The Kingmaker

The Kingmaker

The Kingmaker

Filmmaker Lauren Greenfield (The Queen of Versailles) continues her exploration of extreme wealth with the most political work of her career. The Kingmaker centers on the indomitable character of billionaire Filipino politician Imelda Marcos.

Explores the disturbing legacy of the Marcos regime and Imelda's present-day push to help her son, Bongbong, win the vice-presidency. To this end, Imelda rewrites her family's history of corruption, replacing it with a narrative of a matriarch's extravagant love for her country. In an age when fake news manipulates elections, Imelda's comeback story serves as a dark fairy tale.

2019100 minsUSAFilipino with English subtitles
Documentary
Director:
Lauren Greenfield ('The Queen of Versailles', 'Generation Wealth')
Cast:
Imelda Marcos

Streaming (1 Providers)

The Kingmaker / Reviews

Wall Street Journal

Wall Street Journal

A picture of excess, both financial and political.

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Variety

Variety

In light of the recurring themes of Greenfield’s oeuvre — decades spent documenting the lifestyles of the filthy rich and wannabe famous, à la “The Queen of Versailles” and “Generation Wealth” — it’s no wonder that Marcos would be amenable to being immortalized by such a high-profile photographer. What Greenfield’s subjects never seem to grasp is how her work manages to flatter them, captured in all their blinged-out excess, while striking outsiders as satirical and shocking.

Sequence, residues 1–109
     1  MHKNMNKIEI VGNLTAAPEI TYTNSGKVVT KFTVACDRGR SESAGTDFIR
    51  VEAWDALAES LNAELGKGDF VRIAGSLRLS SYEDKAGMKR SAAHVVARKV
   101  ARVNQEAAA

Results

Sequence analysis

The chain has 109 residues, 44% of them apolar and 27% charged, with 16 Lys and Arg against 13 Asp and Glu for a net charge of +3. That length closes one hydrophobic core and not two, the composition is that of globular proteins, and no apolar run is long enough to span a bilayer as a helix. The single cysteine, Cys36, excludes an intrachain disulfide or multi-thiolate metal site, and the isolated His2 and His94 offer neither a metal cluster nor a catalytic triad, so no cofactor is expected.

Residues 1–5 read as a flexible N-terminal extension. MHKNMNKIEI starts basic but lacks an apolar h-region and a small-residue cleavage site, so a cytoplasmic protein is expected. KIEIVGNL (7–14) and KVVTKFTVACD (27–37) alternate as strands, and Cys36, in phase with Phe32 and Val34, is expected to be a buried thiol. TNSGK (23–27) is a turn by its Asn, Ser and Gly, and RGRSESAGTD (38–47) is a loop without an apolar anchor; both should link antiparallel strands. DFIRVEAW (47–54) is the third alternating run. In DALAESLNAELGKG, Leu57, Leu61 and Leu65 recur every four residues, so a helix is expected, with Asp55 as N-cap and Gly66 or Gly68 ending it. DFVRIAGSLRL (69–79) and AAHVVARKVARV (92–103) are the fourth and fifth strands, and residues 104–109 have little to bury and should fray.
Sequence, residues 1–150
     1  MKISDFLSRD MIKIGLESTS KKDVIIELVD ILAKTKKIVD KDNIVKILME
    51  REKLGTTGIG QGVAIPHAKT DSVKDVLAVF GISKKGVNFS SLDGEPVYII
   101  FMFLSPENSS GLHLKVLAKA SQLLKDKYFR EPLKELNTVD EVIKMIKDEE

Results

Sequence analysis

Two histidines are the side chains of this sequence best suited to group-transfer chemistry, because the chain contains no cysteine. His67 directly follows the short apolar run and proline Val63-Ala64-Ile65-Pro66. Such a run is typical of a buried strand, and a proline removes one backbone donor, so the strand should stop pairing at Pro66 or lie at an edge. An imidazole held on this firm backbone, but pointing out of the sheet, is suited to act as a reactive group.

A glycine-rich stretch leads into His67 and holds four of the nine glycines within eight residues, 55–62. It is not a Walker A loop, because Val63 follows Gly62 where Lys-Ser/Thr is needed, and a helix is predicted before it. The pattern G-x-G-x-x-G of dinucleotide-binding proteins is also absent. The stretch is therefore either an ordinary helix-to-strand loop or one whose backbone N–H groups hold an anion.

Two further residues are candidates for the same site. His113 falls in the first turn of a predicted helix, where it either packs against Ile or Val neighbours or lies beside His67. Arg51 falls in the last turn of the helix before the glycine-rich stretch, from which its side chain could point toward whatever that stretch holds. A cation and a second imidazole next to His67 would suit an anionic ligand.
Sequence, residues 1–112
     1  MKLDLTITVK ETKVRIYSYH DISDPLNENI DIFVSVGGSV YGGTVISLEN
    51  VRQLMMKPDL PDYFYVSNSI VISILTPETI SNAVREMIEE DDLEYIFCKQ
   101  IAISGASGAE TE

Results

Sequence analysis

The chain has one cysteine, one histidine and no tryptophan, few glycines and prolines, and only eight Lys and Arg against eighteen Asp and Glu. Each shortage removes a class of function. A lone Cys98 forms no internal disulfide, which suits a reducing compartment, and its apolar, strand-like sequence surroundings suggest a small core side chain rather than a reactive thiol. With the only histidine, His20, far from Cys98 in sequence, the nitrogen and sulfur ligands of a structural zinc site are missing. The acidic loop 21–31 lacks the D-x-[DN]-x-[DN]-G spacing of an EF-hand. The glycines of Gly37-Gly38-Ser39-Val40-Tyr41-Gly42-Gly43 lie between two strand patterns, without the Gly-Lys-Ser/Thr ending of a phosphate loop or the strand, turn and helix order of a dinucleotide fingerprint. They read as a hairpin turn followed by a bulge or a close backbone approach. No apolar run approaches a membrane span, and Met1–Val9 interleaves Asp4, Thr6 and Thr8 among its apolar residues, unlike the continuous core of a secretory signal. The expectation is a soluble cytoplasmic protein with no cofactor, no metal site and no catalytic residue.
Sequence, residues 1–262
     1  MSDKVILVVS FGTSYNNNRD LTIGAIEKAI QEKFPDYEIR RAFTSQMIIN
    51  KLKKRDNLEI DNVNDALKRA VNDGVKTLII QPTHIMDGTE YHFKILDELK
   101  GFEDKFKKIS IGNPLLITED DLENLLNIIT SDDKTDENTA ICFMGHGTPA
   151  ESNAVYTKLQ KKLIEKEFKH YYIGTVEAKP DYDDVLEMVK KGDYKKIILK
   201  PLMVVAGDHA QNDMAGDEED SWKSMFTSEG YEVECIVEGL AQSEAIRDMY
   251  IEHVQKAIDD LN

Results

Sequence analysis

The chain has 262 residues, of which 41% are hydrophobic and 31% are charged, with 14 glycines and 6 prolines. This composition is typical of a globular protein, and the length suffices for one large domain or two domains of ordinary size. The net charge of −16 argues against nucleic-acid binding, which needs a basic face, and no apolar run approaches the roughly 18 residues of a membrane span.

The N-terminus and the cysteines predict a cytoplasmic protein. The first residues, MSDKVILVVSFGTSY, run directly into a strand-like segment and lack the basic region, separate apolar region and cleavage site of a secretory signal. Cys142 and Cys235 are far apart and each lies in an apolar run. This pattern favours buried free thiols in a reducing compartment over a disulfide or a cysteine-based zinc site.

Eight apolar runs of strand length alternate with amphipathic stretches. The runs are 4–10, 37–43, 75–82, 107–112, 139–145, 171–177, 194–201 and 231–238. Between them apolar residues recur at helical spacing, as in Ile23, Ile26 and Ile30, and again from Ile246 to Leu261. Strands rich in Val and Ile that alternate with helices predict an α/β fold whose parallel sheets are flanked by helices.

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Empire Magazine

Empire Magazine

The access is impeccable but in Lauren Greenfield’s hands, The Kingmaker never feels like hagiography, the sly character assassination and political edge remaining sharp.

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Rolling Stone

Rolling Stone

Starts as a portrait and ends as a nonfiction political horror movie.

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The New York Times

The New York Times

As Greenfield opens “The Kingmaker” up, the Philippines’ past and present move uneasily into alignment, and the movie becomes more interesting and far more disturbing. Notably, it also becomes less about one woman, her malevolent charms and quirks, and develops into an unsettling look at imperial power.

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The Washington Post

The Washington Post

Chills the soul by presenting shantytown residents and school kids who extol the Marcos regime and even endorse its eight-year period of martial law. Imelda Marcos is not the mother of all Filipinos, but some of them are happy to proclaim themselves her children.

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The Guardian

The Guardian

The former first lady of the Philippines is revealed as a monstrous, loathsome, absurdly queenly figure in Lauren Greenfield’s superb documentary

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